Hearing from newest Orioles Wong and Teheran on their first day in camp

SARASOTA, Fla. – The Orioles might not be a last-chance stop for pitcher Julio Teheran and second baseman Kolten Wong. However, they’re grateful to be detached from the free-agent market and the uncertainty in their futures, and hope to seize the opportunity as late arrivals in camp.

Their minor league deals became official yesterday and they found their lockers this morning at the Ed Smith Stadium complex.

Wong, 33, is trying to bounce back from a hugely disappointing 2023 season, when he batted .165/.241/.227 in 67 games with the Mariners and was released Aug. 3. The Dodgers signed him six days later and he went 9-for-30 to earn a spot on the Division Series roster.

The Brewers signed Wong to a two-year, $18 million contract in February 2021 and picked up his $10 million option for 2023 before trading him to Seattle.

“I learned a lot about how to go through adversity,” he said. “The first time for me going down the DFA route. Just learned a lot about that and took it into the offseason. It kind of gave me a little extra fuel to train harder and do the things I’ve got to do to be ready.”

The Orioles will give Wong a few days to get his legs underneath him after flying here from Arizona. He'll take batting practice and join the crew at second base.

Wong, a native of Hawaii who’s listed at 5-feet-7, concentrated on his body posture after joining the Dodgers.

“I’m a small guy, so if I have any kind of move, the moves tend to be bigger than I think they are,” he said. “And that was my thing in Seattle. I was really crunching my front side, that for me didn’t seem like a big move. In reality, watching video and seeing what that move was causing me to do was a big thing.”

The winter wait for a new team stretched into spring training, and the Orioles tossed him into an infield competition loaded with youthful talent. But he also brings a left-handed bat to the position that they coveted, providing an option if Jackson Holliday doesn't have his contract selected for Opening Day.

“Kind of knew what the offers were going to be,” he said. “I was just trying to see the right fit. Waited around and talked to a couple teams, people who kind of needed a middle infielder, and this just seemed like the best fit.

“Obviously a young team, a team that’s been playoff-bound last year. Just the ability to come in and try to earn a job. That’s kind of all you can ask for in the situation. I’m excited. Talking with the guys and trying to figure out the situation, it seems like a good fit, so I’m excited.”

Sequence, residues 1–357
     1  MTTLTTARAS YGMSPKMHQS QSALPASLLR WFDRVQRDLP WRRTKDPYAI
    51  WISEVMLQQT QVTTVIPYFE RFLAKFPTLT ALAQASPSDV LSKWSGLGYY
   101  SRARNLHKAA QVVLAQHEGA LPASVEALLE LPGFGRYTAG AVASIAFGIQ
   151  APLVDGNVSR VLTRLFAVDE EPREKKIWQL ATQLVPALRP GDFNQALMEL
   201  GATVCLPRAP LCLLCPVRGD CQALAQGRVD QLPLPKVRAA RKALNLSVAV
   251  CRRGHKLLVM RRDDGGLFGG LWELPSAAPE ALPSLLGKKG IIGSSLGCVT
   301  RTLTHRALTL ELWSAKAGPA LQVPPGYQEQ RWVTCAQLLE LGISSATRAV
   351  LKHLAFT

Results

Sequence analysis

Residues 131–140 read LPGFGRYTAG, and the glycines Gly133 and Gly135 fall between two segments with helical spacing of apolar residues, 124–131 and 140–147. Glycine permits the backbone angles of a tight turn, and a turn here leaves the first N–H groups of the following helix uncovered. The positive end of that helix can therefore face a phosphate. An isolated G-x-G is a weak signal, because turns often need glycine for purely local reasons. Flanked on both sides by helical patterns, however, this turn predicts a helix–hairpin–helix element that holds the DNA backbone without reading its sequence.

Wong, a two-time Gold Glove winner and Silver Slugger finalist in 2022, brings a veteran presence but also is more of a quiet leader.

“I’m the kind of guy who’s not going to try to say too much,” he said. “I just want to let the guys do their thing and if they need help, I’m here. But everybody knows my game. I’m not flashy but I get the job done.”

And as recently as 2022 with Milwaukee, when he appeared in 134 games and slashed .251/.339/.430 with 24 doubles, four triples, 15 homers and 47 RBIs.

“I feel good,” he said. “In 2022 I was literally a Silver Slugger finalist, so I knew I can be back again. I think last year I had a lot of things off the field that were changing the way I did life. I had the birth of my son and that was a week before the season started, so I didn’t see my son for the first month of the year. So, that was a big toll on me and my family. But we’re in a good place now mentally and physically, so I’m excited.”

The offseason training didn’t bring many changes to past routines beyond the frequency. Wong became more of a gym rat.

“Just didn’t stop, to be honest with you,” he said. “I had a break in the middle of the season, where I was making the transition from Seattle to LA, so I felt like I had a good amount of time off, and then I wanted to kind of keep the momentum I had with LA, the things that we were doing there that helped me kind of get back to my old self.”

Teheran, who earns $2 million if he’s in the majors, started six consecutive Opening Days for Atlanta. He’s a former teammate of Craig Kimbrel with the Braves and Corbin Burnes, today’s starter, with the Brewers.

“I’m just happy to be here, obviously,” he said. “I know that it’s a great group of guys and I know some of them. But I’m just happy to be here and, obviously, first try to make the team and try to be part of this special group.”

After also having to plunge into the free agent market and wondering who would reach for him.

“It was different, it was hard, but I don’t really complain about it, how this game is getting,” he said. “You know every time it's getting harder and harder. Obviously, I was trying to stay ready for whenever one team needs me and I’m happy that the Orioles called me and they wanted me to be part of it.”

Manager Brandon Hyde said Teheran will be built up as a starter. He has a side session today and will throw one or two innings this weekend.

"Then, kind of fit him in to either start games or piggyback," Hyde said.